Stocking Up

I was talking with friends the other day about our various philosophies of stocking up on food and other necessities. Some of them prefer a huge walk-in pantry, full of all sorts of comestibles. Me? I have a shelf in a small cupboard. I suppose that’s not entirely accurate if you include spices and seasonings as pantry items because that sort of thing resides in a separate cupboard. But for actual foods, those are all but missing.

My refrigerator is mostly empty, too, as is the freezer, which could be why it doesn’t work all that well. In the summer, it’s hard to keep the temperature in the refrigerator compartment below 45 degrees, and in the winter, it’s hard to keep it above 35 degrees, but I am careful about what I keep in the refrigerator so that it doesn’t really matter. I do keep some things in the freezer, but there have been too many times in my life when the electricity went out and food spoiled, so I’m careful not to keep too much frozen food on hand.

Although I think I do have enough food in the house to last me a week if a major storm hit (apparently, storms have closed up the town before, with snow so high people couldn’t get out of their houses), but just in case, I stocked up. Bought two whole cans of beans and two of tuna. (Besides, if I could get out of the house and walk just a bit, I know someone who has a whole larder full of food!)

Apparently, the last such major storm that hit here blanketed all of Colorado. This was a couple of years before Jeff died, and I don’t remember having a problem with food. (Though we did have a problem with the horrible neighbors who plowed the lane and dumped all the snow in front of our driveway so it took us a week to dig ourselves out.) But back then, we did stock up. It was after he died, and I had to try to find a place to donate all the food I couldn’t take with me, that I developed an aversion to excess food storage. The senior center didn’t want the canned goods, the churches didn’t want it, it was the wrong time of year for food banks. I finally found an old woman who said she knew people who could use the food.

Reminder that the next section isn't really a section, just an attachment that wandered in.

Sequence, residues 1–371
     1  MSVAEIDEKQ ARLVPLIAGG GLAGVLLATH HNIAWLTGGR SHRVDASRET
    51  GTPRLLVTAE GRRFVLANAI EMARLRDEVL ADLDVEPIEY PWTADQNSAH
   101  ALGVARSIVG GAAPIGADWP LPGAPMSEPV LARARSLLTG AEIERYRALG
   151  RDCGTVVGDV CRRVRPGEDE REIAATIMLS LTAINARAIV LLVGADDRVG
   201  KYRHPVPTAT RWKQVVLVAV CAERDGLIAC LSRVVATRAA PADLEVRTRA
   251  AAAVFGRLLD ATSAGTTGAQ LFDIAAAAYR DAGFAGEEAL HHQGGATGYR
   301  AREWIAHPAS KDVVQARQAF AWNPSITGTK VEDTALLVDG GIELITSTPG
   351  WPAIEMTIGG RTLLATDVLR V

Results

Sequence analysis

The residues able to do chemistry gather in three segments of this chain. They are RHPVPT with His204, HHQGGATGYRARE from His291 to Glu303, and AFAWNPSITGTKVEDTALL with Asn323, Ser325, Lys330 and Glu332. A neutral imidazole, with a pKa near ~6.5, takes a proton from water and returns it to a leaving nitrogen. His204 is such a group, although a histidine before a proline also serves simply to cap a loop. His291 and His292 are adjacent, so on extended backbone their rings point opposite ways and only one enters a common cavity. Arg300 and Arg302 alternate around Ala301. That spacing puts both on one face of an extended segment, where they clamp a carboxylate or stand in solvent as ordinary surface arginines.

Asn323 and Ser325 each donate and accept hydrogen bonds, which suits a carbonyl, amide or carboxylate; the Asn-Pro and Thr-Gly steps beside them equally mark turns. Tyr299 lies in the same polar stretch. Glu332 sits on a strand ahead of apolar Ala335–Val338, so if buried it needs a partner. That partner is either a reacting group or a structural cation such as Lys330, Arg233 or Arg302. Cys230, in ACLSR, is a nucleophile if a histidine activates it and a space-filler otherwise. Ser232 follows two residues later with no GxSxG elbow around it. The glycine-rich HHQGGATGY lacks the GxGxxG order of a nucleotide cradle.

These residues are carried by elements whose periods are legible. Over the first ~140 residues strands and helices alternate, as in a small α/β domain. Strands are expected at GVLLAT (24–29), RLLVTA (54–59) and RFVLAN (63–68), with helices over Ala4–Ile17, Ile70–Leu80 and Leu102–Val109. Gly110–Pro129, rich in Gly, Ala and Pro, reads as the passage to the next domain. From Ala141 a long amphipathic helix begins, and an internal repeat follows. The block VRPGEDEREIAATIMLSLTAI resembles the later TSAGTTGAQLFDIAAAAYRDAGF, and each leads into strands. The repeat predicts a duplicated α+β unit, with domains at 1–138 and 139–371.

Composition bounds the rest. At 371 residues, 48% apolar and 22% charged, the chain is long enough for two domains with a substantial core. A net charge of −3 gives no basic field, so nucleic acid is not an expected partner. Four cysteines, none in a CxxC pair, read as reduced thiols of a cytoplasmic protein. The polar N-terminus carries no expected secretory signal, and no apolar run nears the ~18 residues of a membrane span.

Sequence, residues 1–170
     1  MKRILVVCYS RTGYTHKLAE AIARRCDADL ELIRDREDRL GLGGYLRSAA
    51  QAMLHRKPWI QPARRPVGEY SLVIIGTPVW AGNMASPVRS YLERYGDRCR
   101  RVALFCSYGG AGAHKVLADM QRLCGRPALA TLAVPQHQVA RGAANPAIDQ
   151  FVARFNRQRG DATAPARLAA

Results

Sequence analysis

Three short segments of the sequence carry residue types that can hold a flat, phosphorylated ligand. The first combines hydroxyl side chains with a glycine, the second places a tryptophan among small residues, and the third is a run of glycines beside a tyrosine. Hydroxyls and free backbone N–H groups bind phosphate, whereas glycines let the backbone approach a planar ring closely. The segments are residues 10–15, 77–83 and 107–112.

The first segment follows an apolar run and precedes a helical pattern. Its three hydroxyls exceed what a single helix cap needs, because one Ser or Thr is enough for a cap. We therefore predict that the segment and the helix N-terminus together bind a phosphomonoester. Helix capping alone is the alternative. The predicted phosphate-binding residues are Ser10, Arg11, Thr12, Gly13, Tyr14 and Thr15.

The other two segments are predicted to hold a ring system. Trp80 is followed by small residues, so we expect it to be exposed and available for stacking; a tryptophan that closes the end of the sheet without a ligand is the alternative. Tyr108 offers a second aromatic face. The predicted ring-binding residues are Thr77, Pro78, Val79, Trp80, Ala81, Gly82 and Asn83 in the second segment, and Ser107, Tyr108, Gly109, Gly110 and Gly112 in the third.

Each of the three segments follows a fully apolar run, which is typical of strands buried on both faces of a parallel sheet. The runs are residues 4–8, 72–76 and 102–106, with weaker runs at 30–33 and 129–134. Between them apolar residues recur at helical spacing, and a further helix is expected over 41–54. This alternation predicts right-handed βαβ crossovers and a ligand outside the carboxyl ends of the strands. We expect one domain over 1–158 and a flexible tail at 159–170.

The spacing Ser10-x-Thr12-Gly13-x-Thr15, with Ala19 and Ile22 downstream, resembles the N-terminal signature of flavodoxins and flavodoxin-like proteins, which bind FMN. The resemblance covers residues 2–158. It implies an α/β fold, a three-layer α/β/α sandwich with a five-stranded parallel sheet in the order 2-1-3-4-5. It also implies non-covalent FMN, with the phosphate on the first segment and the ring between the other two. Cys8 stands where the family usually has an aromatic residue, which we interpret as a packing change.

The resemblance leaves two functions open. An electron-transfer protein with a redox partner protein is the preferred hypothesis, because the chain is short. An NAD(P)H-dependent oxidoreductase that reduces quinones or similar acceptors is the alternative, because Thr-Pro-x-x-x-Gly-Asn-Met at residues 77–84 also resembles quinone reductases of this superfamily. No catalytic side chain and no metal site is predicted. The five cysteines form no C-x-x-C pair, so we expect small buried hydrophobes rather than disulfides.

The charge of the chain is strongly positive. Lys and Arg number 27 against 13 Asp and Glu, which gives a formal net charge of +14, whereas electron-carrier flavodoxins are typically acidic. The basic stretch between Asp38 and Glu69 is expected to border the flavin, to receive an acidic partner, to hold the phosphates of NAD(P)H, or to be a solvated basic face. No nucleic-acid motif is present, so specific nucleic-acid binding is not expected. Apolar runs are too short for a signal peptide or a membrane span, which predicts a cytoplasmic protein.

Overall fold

Even if the worst happened and I couldn’t get any other food but what’s in the house, I wouldn’t starve. I have a peasant metabolism that is the result of centuries of systematic starvation — the people who survived such times were those whose metabolisms slowed way down when food intake was reduced. Such a metabolism is a curse in times of plenty, but a blessing in times of scarcity.

Despite all this, I wouldn’t have stocked up even to the extent that I did, but this weekend we are going to have record high temperatures followed immediately (immediately meaning within a twelve-hour period) by record lows. A fifty to sixty degree temperature drop. Yikes.

I still have a couple of days before this historic occasion in case I want to stock up even more (maybe buy some mayonnaise to go with that tuna), but I figure I’ve been dealing with The Bob all this time without stocking up, so I’m not worried.

Just out of curiosity, do you stock up or do you just sort of wing it?


Pat Bertram is the author of Grief: The Inside Story – A Guide to Surviving the Loss of a Loved One. “Grief: The Inside Story is perfect and that is not hyperbole! It is exactly what folk who are grieving need to read.” –Leesa Healy, RN, GDAS GDAT, Emotional/Mental Health Therapist & Educator